Business Czech 2013 trade surplus soars amid expectations of even stronger exports
Czech exporters delivered a strong performance in 2013 with the trade surplus continuing to rise. But a more detailed look at the goods being traded and bilateral relations show familiar strengths and weaknesses.
The Czech Republic announced a pretty rosy trade balance for 2013 on Thursday. The surplus over the year climbed to 350.8 billion crowns, a 45.1 billion crown jump on the 2012 figure. Overall, exports rose 2.8% with imports trailing behind with an increase of 1.4%.
Taking a bit of a longer perspective, the latest figures confirm the steady trend of increasing annual trade surpluses in spite of the gloomy global economic environment. Surpluses for 2010 were around 121 billion crowns and for 2011 191 billion crowns. Some economists are now saying that the Czech trade surplus for this year could top the 400 billion crown mark.
The gloss from the Czech Statistics Office is a by now familiar one of increased exports of transport equipment (read mainly cars and trams) engineering and industrial equipment and a deepening deficit in mineral oils, (read oil and any of its derivatives).
A closer look at the figures will confirm many familiar trade patterns as regards export and import countries. Trade is like a very large ship whose course, once set, is very difficult to change. So far, a detailed country breakdown of exports and imports is only available for the first 11 months of 2013. But the main features are starkly shown.
One of the main features is perhaps the massive trade deficit with China. It had mounted to 237.8 billion crowns by the end of November, slightly down on the 245 billion crown total of the same period during 2012. Increased Czech exports accounted for only an around 4 billion crown dent in the latest deficit figure, they rose to 34.2 billion crowns, with supressed Czech domestic demand the most probable cause.
Altogether, the Chine trade deficit runs at a level which almost cancels out the Czech trade surplus with its single biggest trading partner, Germany. It is not surprising then that Czech President Miloš Zeman is looking to have talks with his Chinese counterpart at the Winter Olympics in Sochi, Russia, and set up an official visit to China later in the year.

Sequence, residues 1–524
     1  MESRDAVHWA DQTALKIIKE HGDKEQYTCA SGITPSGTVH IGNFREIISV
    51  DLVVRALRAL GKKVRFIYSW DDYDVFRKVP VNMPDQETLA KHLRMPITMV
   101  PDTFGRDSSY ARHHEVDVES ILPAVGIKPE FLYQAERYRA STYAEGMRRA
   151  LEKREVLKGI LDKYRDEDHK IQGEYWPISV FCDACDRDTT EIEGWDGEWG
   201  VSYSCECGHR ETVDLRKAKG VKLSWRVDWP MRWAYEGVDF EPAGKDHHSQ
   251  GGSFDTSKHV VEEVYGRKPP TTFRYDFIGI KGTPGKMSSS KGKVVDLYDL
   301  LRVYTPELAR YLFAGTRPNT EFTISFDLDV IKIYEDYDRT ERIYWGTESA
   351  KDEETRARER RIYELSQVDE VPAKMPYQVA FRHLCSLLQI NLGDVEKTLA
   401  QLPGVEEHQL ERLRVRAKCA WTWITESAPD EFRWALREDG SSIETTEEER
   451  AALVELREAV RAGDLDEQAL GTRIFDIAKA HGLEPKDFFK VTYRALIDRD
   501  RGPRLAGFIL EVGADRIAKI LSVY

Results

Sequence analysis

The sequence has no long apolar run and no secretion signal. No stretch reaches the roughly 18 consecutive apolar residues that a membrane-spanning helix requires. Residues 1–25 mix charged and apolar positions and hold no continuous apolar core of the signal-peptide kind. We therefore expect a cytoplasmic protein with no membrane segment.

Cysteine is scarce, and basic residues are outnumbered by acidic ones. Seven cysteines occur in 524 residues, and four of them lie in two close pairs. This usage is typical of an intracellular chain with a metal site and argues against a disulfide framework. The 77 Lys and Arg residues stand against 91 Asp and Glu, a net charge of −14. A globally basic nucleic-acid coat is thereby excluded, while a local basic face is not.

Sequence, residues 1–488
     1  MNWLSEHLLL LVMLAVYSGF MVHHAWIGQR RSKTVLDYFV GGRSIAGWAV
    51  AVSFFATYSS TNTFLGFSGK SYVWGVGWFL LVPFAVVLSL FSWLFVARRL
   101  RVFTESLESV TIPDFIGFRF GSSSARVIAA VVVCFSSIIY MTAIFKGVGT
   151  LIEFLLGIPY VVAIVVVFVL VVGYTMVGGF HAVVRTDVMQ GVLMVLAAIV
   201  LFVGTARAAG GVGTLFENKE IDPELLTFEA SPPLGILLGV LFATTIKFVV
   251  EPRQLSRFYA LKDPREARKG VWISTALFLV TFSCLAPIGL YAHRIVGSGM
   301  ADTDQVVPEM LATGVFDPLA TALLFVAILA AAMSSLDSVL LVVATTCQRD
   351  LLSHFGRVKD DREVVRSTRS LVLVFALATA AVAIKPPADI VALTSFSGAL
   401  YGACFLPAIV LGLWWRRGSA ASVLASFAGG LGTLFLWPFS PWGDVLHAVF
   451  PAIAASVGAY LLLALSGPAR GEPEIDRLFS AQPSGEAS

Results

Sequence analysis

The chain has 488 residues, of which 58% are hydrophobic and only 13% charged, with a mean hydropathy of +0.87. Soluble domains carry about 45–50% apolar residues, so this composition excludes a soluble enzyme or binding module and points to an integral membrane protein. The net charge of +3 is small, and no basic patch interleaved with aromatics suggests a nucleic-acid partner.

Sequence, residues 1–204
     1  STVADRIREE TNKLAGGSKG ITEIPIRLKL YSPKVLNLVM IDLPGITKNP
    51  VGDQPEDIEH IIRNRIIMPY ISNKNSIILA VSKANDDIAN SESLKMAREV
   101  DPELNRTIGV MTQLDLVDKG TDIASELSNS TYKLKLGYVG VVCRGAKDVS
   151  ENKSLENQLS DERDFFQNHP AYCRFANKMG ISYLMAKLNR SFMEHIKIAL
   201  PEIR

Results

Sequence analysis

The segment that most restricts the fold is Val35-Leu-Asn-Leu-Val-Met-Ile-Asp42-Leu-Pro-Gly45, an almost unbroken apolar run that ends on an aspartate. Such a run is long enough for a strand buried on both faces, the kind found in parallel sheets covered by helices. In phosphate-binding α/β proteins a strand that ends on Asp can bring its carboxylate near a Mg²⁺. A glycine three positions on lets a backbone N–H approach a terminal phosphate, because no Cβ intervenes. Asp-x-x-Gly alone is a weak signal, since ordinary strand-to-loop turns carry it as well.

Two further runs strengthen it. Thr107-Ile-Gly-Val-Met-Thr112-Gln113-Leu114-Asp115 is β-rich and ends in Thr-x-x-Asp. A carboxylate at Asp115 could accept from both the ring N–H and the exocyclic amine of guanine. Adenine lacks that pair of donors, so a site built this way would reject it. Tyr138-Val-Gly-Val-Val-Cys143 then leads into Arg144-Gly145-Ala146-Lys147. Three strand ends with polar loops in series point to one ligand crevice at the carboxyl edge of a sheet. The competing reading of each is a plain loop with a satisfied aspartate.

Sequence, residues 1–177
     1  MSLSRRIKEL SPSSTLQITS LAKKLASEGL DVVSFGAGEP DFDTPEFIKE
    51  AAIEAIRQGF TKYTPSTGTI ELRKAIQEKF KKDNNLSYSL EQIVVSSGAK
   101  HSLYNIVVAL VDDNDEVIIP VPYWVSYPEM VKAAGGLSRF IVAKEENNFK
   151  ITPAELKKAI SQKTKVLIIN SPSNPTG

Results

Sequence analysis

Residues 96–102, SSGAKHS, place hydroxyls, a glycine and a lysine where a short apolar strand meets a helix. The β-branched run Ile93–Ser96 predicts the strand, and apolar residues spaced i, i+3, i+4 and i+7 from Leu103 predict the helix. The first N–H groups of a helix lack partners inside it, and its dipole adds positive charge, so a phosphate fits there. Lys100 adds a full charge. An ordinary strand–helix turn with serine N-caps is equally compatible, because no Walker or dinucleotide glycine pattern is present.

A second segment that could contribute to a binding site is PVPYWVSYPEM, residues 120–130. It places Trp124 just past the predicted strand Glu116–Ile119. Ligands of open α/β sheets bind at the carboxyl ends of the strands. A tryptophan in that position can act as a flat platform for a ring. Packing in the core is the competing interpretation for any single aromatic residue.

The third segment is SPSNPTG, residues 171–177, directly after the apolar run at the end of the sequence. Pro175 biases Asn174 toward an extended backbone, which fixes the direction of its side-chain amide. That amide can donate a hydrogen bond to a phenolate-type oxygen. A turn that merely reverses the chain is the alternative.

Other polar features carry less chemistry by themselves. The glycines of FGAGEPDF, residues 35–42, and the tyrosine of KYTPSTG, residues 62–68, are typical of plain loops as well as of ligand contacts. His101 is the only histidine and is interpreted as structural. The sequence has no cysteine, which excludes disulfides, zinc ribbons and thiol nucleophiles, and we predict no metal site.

For the moment, Chinese imports in the form of more tourists visiting the Czech Republic might be the quickest route to correcting the massive imbalance in cash outflows and inflows. Czech business daily, Hospodářské Noviny, reported Thursday that the Czech Republic is looking to open two new consulates in China with the main task of processing tourist visas and helping develop business links. The Czech flag currently flies in Beijing, Hong Kong, and Shanghai.
Trade relations with the EU, accounting for around 80% of Czech two-way trade, have been stable, some might say flat, over the past two years. In the first 11 months of 2013, the Czech Republic was running a surplus of around 707 billion crowns with other EU countries, up from the 684 billion crown total of the same period in 2012. The 250 billion crown surplus with Germany was almost unchanged. Generally speaking, the Czech Republic runs a trade surplus with most developed countries and a deficit with most developing countries.
Perhaps one surprising fact is the relative weakness of trade relations with the US. Two-way trade slipped to around 118 billion crowns from January to November last year with an 8.1 billion crown surplus in favour of Czechs. The total trade volume is less than half that with Russia, which stood at 249 billion crowns over the same period. Thanks largely to oil and gas exports, the trade deficit with Russia was around 33 billion crowns.